The appointment process

The aim of the pilot programme was to upskill the group with knowledge and confidence to apply to become chair of Z-arts or another arts organisation. We expected some of them to apply for the role but anticipated having to run an open recruitment campaign alongside.

On reflection, we decided not to put out a public call out. We couldn’t imagine anyone else having such a wealth of fresh experience, combined with an existing knowledge of Z-arts.  

An unexpected result of the process was reviewing different models of governance, such as co-chairs, vice or deputy chairs or even rolling appointments. We ran sessions with organisations using a co-chair model, discussing the pros and cons, and found this Pippa Warin article particularly useful.

During the interviews, run by a panel which included core funders from Arts Council England and the local authority alongside other trustees, we asked candidates which structure they were interested in pursuing (chair, co-chair, vice-chair, deputy, rolling chair).

Outcome and benefits

By the end of the programme participants, some of whom had scored themselves as low as 5/10 on feeling equipped to becoming chair, all scored themselves 8 or 9 out of 10.

Our selected co-chairs, Nazma Noor and Lizi Ransome - a digital marketing manager and a secondary school drama teacher respectively, have complementary skillsets we believe will work well together.

The three other trustees who participated have stayed and are strong, vocal advocates of the new co-chairs. We hope they go on to apply for chairs of other arts organisations.

The most immediate benefit is that our new co-chairs are both passionate about and familiar with Z-arts, and are known to our team. Both are well-informed about the role and responsibilities of a chair, with up to date knowledge and fresh ideas.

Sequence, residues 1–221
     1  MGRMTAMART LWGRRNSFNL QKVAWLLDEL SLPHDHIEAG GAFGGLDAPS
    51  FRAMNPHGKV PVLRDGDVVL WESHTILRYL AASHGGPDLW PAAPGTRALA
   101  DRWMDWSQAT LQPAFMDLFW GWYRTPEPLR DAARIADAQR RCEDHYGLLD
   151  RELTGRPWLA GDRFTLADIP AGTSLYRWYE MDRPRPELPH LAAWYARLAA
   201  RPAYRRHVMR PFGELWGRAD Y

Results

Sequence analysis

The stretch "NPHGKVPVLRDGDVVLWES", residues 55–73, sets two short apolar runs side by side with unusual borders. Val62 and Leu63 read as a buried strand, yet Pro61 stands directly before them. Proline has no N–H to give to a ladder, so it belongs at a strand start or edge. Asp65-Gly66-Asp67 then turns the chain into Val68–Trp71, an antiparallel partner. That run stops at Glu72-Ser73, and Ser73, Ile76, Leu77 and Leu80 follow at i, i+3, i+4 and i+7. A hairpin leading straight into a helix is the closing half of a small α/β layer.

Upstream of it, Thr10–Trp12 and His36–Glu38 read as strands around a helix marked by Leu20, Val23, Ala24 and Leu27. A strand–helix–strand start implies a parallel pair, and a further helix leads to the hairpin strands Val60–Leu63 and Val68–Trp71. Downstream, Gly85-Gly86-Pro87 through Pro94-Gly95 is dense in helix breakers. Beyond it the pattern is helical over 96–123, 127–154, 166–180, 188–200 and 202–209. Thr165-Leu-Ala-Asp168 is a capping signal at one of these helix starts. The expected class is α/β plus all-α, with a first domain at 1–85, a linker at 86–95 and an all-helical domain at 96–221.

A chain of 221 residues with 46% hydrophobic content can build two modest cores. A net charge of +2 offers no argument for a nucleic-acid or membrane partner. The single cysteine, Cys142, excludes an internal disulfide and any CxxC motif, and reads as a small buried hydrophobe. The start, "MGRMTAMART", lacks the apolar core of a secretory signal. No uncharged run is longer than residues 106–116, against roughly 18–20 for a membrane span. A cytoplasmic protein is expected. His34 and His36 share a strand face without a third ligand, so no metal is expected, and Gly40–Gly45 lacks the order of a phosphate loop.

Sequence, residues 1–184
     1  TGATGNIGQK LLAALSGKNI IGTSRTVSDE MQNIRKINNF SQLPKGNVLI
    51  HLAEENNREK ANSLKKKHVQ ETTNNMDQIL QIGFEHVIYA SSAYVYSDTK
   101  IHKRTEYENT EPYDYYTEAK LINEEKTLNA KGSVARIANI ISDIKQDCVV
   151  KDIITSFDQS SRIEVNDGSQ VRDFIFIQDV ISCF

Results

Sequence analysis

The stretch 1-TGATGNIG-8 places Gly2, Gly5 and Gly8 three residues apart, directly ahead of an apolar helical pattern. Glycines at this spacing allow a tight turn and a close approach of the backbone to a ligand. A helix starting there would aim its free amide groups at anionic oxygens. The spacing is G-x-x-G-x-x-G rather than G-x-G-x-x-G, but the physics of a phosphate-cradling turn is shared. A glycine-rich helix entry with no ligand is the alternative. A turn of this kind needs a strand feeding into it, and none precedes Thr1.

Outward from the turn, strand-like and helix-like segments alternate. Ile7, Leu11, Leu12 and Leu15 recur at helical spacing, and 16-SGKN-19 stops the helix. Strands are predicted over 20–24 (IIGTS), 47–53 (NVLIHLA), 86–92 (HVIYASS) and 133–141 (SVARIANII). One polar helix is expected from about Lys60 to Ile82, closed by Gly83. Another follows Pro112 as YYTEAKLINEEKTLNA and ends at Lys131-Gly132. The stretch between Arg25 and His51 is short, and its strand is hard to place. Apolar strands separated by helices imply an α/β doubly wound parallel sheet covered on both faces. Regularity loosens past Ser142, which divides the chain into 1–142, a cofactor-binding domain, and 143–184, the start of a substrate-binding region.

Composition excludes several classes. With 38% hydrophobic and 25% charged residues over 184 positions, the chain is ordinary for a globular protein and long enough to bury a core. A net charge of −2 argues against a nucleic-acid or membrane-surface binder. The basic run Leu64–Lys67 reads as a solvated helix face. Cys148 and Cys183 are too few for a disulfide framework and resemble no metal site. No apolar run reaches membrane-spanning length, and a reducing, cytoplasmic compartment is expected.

We have also saved time and money on recruitment costs for an external chair, which are not inconsiderable. But most importantly, we have achieved what we set out to do, that is to strengthen our board and to make it more representative of our team, audiences and the people who live close to Z-arts.


The legacy is that Z-arts now has inspired, knowledgeable co-chairs who are absolutely committed to the organisation, backed by a trustee team who work together more closely and share skills as a team. 

The programme has bonded the participating five trustees more deeply than the usual ‘four board meetings a year’ format allows for. We are now looking to strengthen our entire board by offering appropriate development to all trustees. And we will be holding a session for all of the women at Z-arts about building confidence and banishing imposter syndrome. I can’t think of a more positive way to begin 2023.

Liz O’Neill is Chief Executive Officer and Artistic Director at Z-arts.
@Z_arts_mcr | @lizo_z

Link to Author(s): 
Liz O'Neill, CEO and Artistic Director, Z-arts. O'Neill is a white woman with short, blonde hair. She has a fringe and is wearing round, brown sunglasses on her head. She is smiling at the camera. The photo is taken outside, in front of a lake. She is wearing a white shirt with a necklace.